• Chilli Basil Ale

    When recent backyard foraging yielded an abundance of basil and chilli peppers, I got thinking about their beer-making potential.  No doubt there are plenty of more orthodox culinary opportunities to consider with these versatile ingredients, but I'm not a Thai chef.

    Unusually, my learned research assistant Mrs Google could offer only scant advice on herbaceous homebrewing techniques, so I was on my own for a beery Masterchef invention test.  I settled on a standard 20L Pale Ale recipe as the base, pimped out with a generous handful of about 25 HOT chilli peppers and a large bowl (~40g) of fresh basil leaves. 

    The chillis went into the boiler for the last 15 minutes, the basil for just the last 5 minutes as my half-arsed research suggested that excess proteins could result if herbs are boiled too long.  Only bittering hops were used (40g of Northdown, 8.5% AA) as I figured the chilli and basil would suffice for flavour and aroma.  Starting gravity was about 1.048 and I used a Whitelabs California Ale Yeast.  Half the brew was kegged in a 9.5L minikeg and I bottled the rest.

    Biased I may be, but in my humble opinion Chilli Basil Ale is quite pleasantly drinkable.  The appearance is maybe a little hazy, but quite respectable looking in the glass.  I've cheerfully drank much mankier looking brews.  Lively carbonation (from the keg at least) keeps a light head afloat with no apparent ill-effects from my backyard adjuncts.  An interesting jaffa-like aroma hints at the warm, mellow herbaceous flavour to follow.  

    The chillis add enough heat to be interesting, but are subtle enough that it remains an easy drinking, summery ale.  On first tasting from the keg I thought I'd probably go a little longer on the chillis next time, but I've found that over several weeks the bottled portion has developed an appreciably stronger chilli profile.  The basil balances nicely with the bittering hops to provide a refreshing counterpoint to the chilli heat.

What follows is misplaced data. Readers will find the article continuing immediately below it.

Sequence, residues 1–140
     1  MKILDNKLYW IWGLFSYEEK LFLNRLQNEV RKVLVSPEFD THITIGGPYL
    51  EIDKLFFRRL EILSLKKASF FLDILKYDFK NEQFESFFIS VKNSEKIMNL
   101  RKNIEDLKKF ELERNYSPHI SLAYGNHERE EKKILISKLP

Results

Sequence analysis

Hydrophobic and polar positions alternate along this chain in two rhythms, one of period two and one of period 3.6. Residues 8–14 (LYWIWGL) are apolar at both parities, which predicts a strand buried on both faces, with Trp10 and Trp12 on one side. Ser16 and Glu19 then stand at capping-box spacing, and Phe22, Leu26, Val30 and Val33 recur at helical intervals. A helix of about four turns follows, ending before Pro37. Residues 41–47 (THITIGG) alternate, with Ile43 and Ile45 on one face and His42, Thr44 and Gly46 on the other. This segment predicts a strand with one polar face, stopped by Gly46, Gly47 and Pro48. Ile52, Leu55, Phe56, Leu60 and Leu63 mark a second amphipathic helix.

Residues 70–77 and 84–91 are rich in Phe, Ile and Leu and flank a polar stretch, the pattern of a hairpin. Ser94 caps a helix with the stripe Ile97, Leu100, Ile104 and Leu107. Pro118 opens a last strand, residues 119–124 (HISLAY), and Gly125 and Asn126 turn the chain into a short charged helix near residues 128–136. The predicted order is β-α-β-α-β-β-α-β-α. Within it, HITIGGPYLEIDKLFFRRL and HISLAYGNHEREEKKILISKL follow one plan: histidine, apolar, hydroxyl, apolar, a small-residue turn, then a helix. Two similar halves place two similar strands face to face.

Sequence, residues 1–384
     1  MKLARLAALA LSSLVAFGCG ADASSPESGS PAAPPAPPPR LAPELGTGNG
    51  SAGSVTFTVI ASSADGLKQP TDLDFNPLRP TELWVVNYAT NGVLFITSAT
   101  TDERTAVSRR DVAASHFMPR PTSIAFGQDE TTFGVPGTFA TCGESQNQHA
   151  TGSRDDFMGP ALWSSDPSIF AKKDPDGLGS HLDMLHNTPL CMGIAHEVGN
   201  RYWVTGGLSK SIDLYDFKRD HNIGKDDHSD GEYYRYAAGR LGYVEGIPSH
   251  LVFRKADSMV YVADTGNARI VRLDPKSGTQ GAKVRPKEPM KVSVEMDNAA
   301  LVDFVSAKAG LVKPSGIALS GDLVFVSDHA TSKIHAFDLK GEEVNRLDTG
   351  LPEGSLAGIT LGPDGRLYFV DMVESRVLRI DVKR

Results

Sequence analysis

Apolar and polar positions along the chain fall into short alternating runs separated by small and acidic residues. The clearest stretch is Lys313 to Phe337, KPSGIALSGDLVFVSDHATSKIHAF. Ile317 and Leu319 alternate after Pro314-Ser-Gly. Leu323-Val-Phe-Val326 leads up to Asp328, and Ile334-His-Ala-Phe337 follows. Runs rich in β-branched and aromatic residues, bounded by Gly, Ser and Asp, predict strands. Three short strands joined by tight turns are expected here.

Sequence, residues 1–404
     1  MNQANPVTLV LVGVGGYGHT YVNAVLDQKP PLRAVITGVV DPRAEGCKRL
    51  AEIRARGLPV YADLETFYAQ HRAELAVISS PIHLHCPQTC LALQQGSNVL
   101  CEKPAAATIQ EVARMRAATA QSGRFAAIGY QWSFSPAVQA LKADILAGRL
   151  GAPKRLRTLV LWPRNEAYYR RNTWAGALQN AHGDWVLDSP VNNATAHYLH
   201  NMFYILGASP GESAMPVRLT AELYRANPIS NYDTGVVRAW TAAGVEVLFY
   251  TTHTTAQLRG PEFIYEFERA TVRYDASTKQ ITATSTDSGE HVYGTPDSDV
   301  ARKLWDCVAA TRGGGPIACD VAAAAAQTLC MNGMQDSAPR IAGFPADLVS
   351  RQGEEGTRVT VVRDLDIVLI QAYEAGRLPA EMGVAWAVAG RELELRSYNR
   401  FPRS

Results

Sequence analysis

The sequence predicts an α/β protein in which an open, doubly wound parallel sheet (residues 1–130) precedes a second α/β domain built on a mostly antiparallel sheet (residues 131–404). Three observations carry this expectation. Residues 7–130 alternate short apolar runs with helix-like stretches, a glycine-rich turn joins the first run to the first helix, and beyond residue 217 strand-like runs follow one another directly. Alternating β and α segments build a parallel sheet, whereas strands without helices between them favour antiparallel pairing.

Chilli Basil Ale is definitely not an all night session beer, but it's well worth a crack if you're feeling up for something different.  Much better than a Pad Kra Pao.


  • WTF Brew Review - Cantillon 100% Geuze

    This week I reached way down the back corner of my beer fridge and pulled out something a bit special.  A Cantillon Geuze, made from a blend of of wild fermeted, organic Lambic beers.  It had been waiting patiently for so long, almost three years, that I had almost forgotten lovingly transporting it back among socks and undies from a visit to Brussels in Easter 2014.

    Visting the Cantillon bewery is quite an experience.  It's located in a slightly dodgy part of Brussels on the CBD fringe, the sort of place that could just as easily be occupied by an auto mechanic.  Instead it's one of the most famous breweries in Belgium.

    Lambic beers are fermented with just naturally occurring wild yeasts, specific to that damp, drab and polluted corner of the European capital.  Fermentation at the Cantillon brewery takes place in shallow vessels in the building's attic, beneath heavy wooden beams.  Great care is taken not to disturb the delicate environmental balance that sustains these unique wild yeasts.  Even spider webs are left uncleared, in case they play some small role in maintaining this beery ecosystem.  Or maybe they just don't like cleaning.

    This unrelenting comittment to traditional methods yields some incredibly unique and sought after beers, but in only modest volumes.  You're not going to find a Cantillon at the local Liqorland any time soon.

    Just opening a Cantillon is an experience.  How often do you need a corkscrew to crack a stubby?  It comes in a tall slender bottle of thick green glass, with a cracking label of a kid taking a leak while holding a beer. 

    Cantillon Geuze pours easily with ony moderate head, quite unlike the monstrous meringues that top many Belgian beers.  The slow fermenting wild yeats produce only light carbonation, despite up to several years of conditioning for some of the Lambics that are blended to form Geuze.

    The colour is a slightly opaque burnt orange, but it's not until you get a sniff of the powerful aroma that you understand that this is no ordinary beer.  This shit is pungent.  It's like a fermented fruit salad with a side of vegemite and blue cheese left festering in the sun.  Sharp orange and apples with big sweet earthy esthers.  It smells dangerous.